We can have free and fair trade without losing national identity. We can have free or fair trade without penalizing local small businesses and entrepreneurs. And the president is working hard to make sure that the trade opportunities available to the citizens of Brazil are done in such a way that there's a spirit of -- there's an equitable spirit involved. And I want to thank you for your leadership on that.

We've got some opportunities to continue to expand trade. I firmly believe that, if one wants to eliminate poverty around the world, the best way to do so is to advance the Doha round of the WTO.

Now, the president has made it very clear that it's difficult to get a Doha round going so long as there are countries that refuse to yield on agricultural matters. And I heard that loud and clear. And so recently I made a statement, or a series of statements that said the United States will reduce subsidies and tariffs, so long as we get the same treatment from trading partners, such as Europe.

In other words, I just -- if we lower the subsidies, we would very much like to be able to tell our farmers the same thing the president wants to tell his farmers, that there's access to markets.

And so we made a very strong statement toward advancing the Doha round of the WTO. We declared our intention, and I told the president I was very serious in that declaration. And we agreed to work together to advance the round.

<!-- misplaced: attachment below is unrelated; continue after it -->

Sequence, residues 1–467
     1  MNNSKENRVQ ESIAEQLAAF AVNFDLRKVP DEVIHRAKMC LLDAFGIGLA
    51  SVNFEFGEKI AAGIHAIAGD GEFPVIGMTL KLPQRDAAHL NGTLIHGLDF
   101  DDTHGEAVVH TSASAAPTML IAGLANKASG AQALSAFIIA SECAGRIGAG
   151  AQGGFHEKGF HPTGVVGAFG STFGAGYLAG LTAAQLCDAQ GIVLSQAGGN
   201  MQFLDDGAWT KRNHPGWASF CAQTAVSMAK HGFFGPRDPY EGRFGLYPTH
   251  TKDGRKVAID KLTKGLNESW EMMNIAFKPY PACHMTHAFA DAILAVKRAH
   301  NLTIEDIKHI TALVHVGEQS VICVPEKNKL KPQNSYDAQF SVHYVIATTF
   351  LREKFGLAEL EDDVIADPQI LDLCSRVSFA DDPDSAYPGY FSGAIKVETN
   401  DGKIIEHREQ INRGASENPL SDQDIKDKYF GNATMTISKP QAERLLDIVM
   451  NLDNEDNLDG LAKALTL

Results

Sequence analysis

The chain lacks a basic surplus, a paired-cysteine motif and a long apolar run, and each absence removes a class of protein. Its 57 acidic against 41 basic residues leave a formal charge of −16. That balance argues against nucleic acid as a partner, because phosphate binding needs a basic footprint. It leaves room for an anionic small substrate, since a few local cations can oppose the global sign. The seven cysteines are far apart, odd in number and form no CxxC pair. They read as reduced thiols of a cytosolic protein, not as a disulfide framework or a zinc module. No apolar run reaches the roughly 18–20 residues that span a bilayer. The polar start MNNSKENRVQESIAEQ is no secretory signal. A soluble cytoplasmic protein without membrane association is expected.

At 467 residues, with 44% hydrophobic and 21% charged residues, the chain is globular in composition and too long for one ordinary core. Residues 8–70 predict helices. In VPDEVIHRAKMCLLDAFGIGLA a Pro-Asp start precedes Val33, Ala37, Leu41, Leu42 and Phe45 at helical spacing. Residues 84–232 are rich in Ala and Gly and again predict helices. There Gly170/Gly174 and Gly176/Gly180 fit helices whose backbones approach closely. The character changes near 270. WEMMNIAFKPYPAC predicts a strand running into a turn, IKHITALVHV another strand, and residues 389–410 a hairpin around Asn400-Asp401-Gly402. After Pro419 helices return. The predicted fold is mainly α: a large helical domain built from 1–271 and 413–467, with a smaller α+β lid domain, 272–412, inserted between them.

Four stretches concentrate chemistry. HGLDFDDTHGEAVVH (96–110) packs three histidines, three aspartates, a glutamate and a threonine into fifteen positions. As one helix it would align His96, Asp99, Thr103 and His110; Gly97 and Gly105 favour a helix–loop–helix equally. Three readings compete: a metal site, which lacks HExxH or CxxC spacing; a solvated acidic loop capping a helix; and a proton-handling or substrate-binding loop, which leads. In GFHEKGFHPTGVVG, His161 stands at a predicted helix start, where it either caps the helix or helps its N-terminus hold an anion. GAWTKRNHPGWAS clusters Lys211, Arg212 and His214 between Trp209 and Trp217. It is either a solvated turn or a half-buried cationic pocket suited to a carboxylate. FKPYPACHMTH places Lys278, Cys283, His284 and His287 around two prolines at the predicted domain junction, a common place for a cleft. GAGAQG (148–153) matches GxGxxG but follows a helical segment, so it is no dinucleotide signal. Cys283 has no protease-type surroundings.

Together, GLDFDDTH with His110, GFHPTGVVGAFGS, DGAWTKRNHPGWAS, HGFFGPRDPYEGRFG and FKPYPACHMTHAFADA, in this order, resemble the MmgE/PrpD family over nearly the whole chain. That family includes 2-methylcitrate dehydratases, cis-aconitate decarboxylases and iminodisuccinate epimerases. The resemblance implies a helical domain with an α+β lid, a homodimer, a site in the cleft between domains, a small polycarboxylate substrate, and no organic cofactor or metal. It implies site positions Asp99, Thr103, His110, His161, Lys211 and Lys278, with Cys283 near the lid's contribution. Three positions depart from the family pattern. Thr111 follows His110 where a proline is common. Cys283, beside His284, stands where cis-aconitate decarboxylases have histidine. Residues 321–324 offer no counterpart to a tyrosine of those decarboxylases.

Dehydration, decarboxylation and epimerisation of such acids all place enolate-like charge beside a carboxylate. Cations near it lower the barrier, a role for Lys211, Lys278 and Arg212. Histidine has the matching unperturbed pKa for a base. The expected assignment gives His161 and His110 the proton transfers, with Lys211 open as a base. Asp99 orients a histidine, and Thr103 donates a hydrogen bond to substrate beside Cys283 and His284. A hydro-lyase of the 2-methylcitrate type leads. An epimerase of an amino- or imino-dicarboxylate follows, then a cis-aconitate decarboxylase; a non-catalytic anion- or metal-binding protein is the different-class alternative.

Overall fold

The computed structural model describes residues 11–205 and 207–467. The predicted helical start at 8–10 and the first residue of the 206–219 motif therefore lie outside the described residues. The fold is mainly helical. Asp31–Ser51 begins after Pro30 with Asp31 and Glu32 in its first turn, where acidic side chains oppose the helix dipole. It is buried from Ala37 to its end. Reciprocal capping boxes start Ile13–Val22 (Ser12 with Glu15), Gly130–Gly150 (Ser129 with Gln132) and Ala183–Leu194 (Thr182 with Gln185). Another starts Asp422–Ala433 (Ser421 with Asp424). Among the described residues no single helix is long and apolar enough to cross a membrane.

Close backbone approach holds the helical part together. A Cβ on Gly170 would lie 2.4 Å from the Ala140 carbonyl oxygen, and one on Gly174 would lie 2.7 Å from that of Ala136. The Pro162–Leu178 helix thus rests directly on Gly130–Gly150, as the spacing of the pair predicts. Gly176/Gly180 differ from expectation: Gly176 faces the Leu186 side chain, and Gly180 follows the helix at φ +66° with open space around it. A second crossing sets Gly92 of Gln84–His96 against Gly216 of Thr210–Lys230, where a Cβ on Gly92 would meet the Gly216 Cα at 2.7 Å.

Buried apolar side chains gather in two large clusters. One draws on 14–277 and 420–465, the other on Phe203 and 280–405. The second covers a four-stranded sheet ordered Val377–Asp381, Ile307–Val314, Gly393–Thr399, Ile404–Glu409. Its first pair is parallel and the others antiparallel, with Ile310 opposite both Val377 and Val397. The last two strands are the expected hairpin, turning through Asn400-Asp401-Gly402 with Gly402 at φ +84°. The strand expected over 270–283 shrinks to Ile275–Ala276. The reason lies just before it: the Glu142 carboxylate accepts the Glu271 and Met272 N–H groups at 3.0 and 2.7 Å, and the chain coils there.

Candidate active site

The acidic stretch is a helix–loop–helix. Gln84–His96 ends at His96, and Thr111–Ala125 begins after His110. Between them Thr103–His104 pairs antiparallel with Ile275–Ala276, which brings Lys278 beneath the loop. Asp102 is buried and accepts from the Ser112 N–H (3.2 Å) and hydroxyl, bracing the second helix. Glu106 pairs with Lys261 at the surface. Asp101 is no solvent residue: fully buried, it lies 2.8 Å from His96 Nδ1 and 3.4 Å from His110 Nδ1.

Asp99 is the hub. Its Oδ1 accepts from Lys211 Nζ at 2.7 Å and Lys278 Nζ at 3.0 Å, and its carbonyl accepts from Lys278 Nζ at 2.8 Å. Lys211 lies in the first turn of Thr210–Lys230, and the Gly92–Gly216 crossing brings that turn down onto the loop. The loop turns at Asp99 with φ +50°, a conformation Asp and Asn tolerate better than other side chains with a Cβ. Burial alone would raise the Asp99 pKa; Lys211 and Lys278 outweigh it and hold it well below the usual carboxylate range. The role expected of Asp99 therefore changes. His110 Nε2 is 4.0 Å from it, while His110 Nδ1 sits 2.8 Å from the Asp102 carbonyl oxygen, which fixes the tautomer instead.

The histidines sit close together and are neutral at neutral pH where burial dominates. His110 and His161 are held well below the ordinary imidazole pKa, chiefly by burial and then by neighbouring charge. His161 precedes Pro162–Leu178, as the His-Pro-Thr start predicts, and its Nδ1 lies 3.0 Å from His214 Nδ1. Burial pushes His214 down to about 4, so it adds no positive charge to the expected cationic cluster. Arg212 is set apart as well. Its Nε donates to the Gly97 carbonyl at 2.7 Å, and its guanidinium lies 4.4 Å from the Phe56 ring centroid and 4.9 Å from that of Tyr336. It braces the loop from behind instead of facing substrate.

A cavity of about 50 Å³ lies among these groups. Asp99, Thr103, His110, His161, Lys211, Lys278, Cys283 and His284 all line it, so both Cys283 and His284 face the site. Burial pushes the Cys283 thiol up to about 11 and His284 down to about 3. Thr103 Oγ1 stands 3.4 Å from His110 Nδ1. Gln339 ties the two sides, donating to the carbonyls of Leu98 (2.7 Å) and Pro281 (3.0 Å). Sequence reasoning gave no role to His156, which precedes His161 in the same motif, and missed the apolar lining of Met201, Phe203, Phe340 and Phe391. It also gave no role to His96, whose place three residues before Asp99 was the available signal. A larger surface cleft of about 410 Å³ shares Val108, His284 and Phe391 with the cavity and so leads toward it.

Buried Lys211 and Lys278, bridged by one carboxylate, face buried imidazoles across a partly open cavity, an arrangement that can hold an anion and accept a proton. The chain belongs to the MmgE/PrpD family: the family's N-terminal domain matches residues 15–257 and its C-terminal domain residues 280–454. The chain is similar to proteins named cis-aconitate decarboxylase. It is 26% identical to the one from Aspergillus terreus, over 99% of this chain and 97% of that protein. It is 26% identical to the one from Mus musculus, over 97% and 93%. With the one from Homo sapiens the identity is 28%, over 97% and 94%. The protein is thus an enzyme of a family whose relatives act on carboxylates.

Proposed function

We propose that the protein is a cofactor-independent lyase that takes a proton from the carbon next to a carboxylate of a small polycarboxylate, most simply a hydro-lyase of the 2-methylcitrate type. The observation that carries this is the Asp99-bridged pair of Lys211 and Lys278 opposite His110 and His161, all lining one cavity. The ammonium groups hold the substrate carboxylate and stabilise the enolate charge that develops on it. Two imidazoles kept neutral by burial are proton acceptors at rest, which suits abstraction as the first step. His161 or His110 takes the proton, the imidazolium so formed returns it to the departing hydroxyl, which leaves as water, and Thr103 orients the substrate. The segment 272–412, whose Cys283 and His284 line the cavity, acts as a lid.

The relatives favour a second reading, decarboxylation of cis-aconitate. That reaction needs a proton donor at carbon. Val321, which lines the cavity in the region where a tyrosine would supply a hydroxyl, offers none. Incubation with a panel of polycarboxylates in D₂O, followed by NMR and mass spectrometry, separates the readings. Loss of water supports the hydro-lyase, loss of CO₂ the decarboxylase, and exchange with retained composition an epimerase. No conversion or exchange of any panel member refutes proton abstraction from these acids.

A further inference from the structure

It's in -- it's in the workers of Brazil's interests that WTO advance. This is a vast country with great resources and a work force that's hardworking. And the more products that Brazilians can manufacture and sell overseas, the better -- more likely that people will be able to find work.

And so one of the interesting things that has come out of this meeting is a renewed commitment to working together to eliminate poverty by creating opportunity through international trade that's fair, that's fair for the people of Brazil and fair for the people of America.

And along those lines, we continued our discussions that was taking place in Argentina. There is an opportunity to advance trade. And we agreed to speak about that, and how best to work together, for example, to be able to compete with countries like China or India. It's in our interest that we work together on our trade agenda. I call it the free trade agreement of the Americas. You refer to it as ALCA.

The president said, "Look, let's work together on Doha and see how that goes and we'll continue to -- working on the free-trade agreement with the Americas."